Section 14 states that licenses and permits granted by governments or statutory authorities cannot be extinguished just because the company is facing insolvency. But for this, all government dues arising from such licenses must’ve been paid. The right to use spectrum, the NCLAT said, is also a license that will be covered under this provision.
The second provision allows the interim resolution professional to take control and manage the assets over which the insolvent company has ownership rights. And since the right to use spectrum is an intangible asset, the interim resolution professional is bound to take it under its control.
License Dues Rank Higher
Dues of financial creditors have been given the highest priority in the payment waterfall under IBC. Dues to government rank lower and qualify as operational dues.
But when it comes to spectrum, this will not be the position, the appellate tribunal has held. The NCLAT has made this exception relying on the special nature of spectrum as an asset which is a natural resource held by the government as a trustee.
The tribunal observed that the license agreement rests the control of the spectrum with the telecom department and spectrum trading guidelines mandate any trade or transfer can take place only with its prior permission. And to get this permission, according to trading guidelines, the telecom firm has to clear all pending dues and liabilities arising out of litigation.
The spectrum trading guidelines, which mandate clearance of all government dues before the transfer of spectrum takes place, cannot be superseded by the IBC, the NCLAT has held.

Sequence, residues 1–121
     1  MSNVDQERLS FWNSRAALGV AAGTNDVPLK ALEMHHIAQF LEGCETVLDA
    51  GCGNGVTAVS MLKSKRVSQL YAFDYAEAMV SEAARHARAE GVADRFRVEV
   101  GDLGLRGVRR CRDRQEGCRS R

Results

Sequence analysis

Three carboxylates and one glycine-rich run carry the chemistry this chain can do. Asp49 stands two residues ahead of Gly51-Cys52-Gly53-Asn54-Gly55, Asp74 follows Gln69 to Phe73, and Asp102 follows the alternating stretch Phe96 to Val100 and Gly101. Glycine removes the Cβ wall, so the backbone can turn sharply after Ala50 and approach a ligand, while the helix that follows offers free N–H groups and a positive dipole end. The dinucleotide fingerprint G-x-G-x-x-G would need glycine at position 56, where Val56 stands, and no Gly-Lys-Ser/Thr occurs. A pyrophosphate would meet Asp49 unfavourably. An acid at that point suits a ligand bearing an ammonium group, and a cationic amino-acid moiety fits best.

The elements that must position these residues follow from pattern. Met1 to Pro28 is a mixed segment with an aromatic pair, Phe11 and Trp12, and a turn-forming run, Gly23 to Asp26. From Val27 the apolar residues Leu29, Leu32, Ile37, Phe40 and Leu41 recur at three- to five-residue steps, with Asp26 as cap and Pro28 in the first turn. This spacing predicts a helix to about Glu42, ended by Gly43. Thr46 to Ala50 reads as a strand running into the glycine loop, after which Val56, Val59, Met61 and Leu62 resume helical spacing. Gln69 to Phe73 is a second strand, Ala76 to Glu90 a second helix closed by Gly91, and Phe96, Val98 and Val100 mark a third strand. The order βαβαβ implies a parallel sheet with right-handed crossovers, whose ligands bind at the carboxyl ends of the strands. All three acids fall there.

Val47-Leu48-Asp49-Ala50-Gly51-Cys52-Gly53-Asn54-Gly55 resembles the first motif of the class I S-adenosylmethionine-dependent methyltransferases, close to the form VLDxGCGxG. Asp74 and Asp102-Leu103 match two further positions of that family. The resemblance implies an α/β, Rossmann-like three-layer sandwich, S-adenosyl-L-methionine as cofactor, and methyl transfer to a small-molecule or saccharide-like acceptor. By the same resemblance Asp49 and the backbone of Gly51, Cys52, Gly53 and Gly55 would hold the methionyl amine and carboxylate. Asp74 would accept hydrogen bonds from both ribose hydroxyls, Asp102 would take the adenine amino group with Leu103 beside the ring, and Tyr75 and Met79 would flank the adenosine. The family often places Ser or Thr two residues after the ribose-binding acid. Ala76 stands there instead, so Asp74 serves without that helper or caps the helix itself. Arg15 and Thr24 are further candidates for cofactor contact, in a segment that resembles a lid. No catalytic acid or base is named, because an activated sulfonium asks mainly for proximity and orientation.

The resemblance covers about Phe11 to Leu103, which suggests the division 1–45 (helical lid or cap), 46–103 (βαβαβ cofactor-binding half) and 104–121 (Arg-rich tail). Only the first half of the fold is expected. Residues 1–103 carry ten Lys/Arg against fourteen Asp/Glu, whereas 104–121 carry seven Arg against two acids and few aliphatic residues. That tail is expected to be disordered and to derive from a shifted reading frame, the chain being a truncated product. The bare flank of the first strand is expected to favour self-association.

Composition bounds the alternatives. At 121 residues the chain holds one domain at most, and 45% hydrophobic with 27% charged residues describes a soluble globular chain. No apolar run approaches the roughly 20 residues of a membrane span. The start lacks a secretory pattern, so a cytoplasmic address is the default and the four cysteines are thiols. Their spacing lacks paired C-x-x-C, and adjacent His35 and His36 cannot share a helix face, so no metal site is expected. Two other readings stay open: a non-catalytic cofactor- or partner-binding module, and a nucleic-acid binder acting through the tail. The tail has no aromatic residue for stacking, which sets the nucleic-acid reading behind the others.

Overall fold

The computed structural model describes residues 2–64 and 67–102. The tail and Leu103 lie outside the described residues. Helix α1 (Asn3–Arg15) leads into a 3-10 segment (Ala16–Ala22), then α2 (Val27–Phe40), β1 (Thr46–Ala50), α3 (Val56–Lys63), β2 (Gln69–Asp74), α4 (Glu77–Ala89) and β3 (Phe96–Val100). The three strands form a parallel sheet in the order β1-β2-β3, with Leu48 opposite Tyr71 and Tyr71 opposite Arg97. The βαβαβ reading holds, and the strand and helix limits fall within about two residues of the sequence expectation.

It also said telecom firms cannot be allowed to wriggle out of paying spectrum dues by initiating voluntary insolvency proceedings.
The NCLAT said that it cannot allow insolvency proceedings initiated with the intention of “withholding the huge arrears payable to government, obtaining moratorium to abort the government’s move to suspend, revoke or terminate the licences and in the event of a resolution plan being approved, subjecting the central government to be contended with the peanuts offered to it as Operational Creditor.”
NCLAT’s reasoning does not appear to be sound as far as the understanding of insolvency code stands, Saurabh said. In the waterfall arrangement, the interests of financial creditors are given precedence over the operational ones, he said.
The IBC does not make any distinction on treatment to a creditor supplying natural resource vis-à-vis other suppliers nor does it treat government and private sector dues differently. We have seen in numerous cases where operational creditors have seen complete write off of their claims - some of whom are listed companies. There too, public interest argument can be made.Kumar Saurabh, Partner, Khaitan & Co.
For now, this NCLAT ruling answers the principle questions on the treatment of spectrum and dues related to it under IBC proceedings. The outcome will likely be applied to telecom companies facing insolvency proceedings in various NCLTs. The hearing in Aircel’s case has been posted for April 26 by the NCLAT.